In reference to the old joke, mathematicians only need pencils and erasers but philosophers only pencils.

    “To which, I said, there were too many papers for anybody to read.”
    J. Barzun said something along that line as well that one should read many times more than one writes.

    “Academic “freedom” now means teach these courses with these pre-defined syllabi with these textbooks and cover these topics in this order.”
    This seems odd. I’ve never encountered this level of restriction at university.

    “Eccentricity is not tolerated.”
    Tenure first, eccentricity later.

    “The utter tyranny of MS Word!”
    My experience has been just the opposite. I have found writing a lot easier and spell check is a real Godsend and then there is Origin for graphs, such bliss. The constant need to proof read the work of typists who make new mistakes with each iteration, shutter. Journal galley proofs also make fewer errors now that they work with electronic manuscripts. Then there was the need to deal with draftsman. Your golden age is dross, at least in this respect. My only advice is to delay updating software as long as possible.

    You should have followed the technique of The Last Psychiatrist and remained anonymous.

  5. Heh. You think academia’s bad, you should see what the private sector is like! On the other hand, you’d have to do what you do as a hobby if you were in the private sector, unless you could sell tens of thousands of those books. And who’d be reading them anyway? Academia.

    You certainly do point out a big problem with academia these days, though. It’s the ‘Everyone has to do everything’ attitude. It permeates the entire system. It’s just ridiculous. There’s nothing wrong with specialization, with having stronger and lesser suits. It’s also economical. We can’t be all things.


  6. Ken

    Teaching & doing research are NOT mutually exclusive; nor is pursuing one’s avocation on the side.

    It’s the very rare person who’s avocation is also their vocation. The aggressive insistence on trying to make one’s avocation also be one’s vocation, actually expecting this as a viable possibility, and then bemoaning the “publish or perish” reality (which derives from other realities of the world that conspire to create this), is _______.

    See also: Matthew 25:14-30

  7. The world might be better off without government supported research. Way back when (sixty years or so ago) our microwave spectroscopy equipment was government surplus stuff. I spent my own money to buy a transform for a discharge tube… In academic positions, teaching was secondary–it was how many grants and how much that counted. $200 k/year was a minimum for prestige ( I was way lower than that–about 50/60 k). This was true at a private institution presumably noted for its excellence of education and at a state institution not so noted.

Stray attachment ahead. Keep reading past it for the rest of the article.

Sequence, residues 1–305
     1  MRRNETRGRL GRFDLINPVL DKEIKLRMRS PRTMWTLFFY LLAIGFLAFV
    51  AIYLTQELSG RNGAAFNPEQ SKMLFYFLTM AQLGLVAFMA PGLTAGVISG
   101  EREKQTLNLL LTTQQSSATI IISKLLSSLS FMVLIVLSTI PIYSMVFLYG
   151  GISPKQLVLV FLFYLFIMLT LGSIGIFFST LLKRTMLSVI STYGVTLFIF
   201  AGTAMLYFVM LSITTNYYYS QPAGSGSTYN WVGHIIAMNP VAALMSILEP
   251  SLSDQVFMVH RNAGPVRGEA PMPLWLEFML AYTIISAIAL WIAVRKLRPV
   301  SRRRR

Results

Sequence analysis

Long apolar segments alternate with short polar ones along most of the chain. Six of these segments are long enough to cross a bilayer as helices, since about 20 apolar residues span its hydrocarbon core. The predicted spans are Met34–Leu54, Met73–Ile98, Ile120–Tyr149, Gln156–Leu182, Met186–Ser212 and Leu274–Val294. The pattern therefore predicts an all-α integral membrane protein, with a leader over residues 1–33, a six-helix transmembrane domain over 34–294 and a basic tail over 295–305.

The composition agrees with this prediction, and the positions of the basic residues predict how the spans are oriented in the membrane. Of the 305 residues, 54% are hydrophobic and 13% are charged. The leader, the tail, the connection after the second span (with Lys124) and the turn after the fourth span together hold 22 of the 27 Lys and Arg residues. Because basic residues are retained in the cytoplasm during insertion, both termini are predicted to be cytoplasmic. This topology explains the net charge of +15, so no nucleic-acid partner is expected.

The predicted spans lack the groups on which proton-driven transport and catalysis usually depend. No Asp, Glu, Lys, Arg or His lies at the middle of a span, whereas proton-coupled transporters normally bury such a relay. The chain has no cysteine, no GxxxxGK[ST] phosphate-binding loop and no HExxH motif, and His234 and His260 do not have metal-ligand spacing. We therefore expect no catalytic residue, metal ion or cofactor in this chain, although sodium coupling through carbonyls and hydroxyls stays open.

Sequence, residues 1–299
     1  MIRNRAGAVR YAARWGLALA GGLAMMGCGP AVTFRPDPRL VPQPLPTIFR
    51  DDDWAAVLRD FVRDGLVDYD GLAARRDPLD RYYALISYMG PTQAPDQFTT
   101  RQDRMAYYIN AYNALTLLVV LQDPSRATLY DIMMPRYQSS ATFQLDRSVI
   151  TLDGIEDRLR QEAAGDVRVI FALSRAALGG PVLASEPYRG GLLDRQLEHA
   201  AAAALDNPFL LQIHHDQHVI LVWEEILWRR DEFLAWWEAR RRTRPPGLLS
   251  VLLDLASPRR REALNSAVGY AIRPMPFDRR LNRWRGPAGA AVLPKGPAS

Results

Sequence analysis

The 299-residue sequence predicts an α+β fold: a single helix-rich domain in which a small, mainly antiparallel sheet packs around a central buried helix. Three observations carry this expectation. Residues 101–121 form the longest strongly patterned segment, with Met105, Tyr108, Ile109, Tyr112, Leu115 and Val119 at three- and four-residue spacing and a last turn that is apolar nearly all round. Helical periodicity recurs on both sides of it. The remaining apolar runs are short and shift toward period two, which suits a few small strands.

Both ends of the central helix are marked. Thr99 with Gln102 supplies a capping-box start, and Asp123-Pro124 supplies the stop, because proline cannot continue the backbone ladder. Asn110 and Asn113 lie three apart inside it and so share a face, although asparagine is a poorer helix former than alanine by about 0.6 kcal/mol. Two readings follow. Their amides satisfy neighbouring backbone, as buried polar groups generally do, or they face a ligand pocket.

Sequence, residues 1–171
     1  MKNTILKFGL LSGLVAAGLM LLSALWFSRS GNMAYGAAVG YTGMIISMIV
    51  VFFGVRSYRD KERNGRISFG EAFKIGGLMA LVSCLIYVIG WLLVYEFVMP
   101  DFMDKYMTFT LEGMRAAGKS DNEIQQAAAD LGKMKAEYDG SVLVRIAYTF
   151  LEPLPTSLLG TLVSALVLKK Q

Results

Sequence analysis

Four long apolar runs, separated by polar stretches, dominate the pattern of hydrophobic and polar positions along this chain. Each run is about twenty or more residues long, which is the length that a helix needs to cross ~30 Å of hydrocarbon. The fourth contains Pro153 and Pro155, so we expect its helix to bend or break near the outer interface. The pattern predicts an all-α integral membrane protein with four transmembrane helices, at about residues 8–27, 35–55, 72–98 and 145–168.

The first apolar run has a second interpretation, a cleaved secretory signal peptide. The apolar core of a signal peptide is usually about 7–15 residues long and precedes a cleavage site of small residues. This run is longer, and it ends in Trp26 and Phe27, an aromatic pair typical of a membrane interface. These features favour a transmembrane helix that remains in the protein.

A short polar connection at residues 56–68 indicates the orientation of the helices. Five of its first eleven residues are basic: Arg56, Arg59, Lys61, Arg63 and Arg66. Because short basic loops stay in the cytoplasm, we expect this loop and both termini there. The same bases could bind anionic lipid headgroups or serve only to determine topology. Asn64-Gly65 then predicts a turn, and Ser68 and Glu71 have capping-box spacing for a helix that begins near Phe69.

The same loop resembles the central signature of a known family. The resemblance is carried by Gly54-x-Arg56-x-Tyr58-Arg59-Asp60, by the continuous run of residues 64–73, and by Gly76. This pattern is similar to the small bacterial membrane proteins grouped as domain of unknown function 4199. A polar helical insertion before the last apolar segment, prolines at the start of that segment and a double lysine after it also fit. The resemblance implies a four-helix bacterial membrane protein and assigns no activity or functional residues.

The funding environment is responsible for the flood of nonsense published about anthropic warming, lgbt studies, and all the other foolishness. Well, at least I can read philosophy now without worrying about having to write a grant proposal to justify time spent.

  8. Bob, you take out “government” money, all the way back, we still wouldn’t have even reached the Dark Ages yet, and thoughts like Briggs’ would probably not even be allowed, let alone understood.


  9. Scotian

    “Bob, you take out “government” money, all the way back, we still wouldn’t have even reached the Dark Ages yet”.
    This is very funny, oh wait hold on, you actually meant to say something else.

  10. JH

    You were interviewed by an elite university, and told them that you did not want to do research?! “I don’t see why not.”- http://dilbert.com/strips/comic/2003-08-27/

    Strange post. Anyway, there are reasons that there exits so called department of philosophy. It is never too late to change your career. Massimo again.

  11. JMJ, if you look at the history of science, the great advances in science up to World War II–thermodynamics, atomic and molecular theory, relativity, quantum mechanics were done WITHOUT government support (unless you count that Einstein was a clerk in the Swiss patent office when he wrote the three great 1905 papers.) That all changed after World War II (I was in at the beginning of this change) after governments found that science/engineering could be used to generate war weapons. Before that scientists either had their own means, or private/academic patrons, and since it wasn’t necessary to build high energy devices, laboratory research was relatively simple and inexpensive. If you look at the Rutherford experiment which showed the existence of an atomic nucleus (as opposed to the “plum-pudding” model of the atom) it involved only a radioactive source, a metal foil and a simple scintillation detector…a cost I’d guess of no more than a few hundred dollars (it’s duplicated in lots of physics labs). I can cite lots more examples.

  12. Briggs

    JH, Scotian,

    No, no. I said I do not want to write grants. That is very different, n’est-ce pas?

    Should I lie to get the job?

  13. Scotian

    JH is correct in this case. You might consider a course in how to survive a job interview; it did wonders for me. Your friends will never tell you the truth.

  14. Katie

    I know a man who was hired at a higher level in an extension office of a large university. He bounced in bright as a button on the first day, and after learning where the light switch and coffee maker was, said something to the effect, “When do I get to meet my assistant?” His attention was directed to the computer, and the answer was, “There’s your assistant.”

  15. Bob, history is my specialty, and I can state without any hesitation that you are wrong. Without government funding, be it from a marginal medieval duke, or NASA, science would be nowhere near where it is today. You’re just not seeing the big picture here.


  16. Scotian

    “Should I lie to get the job?” Lying is dishonest but compulsively blurting out random thoughts is a sign of interview stress and needs to be controlled. But then I wasn’t there and so who am I to judge, especially since I am a blunt blurter from a way back.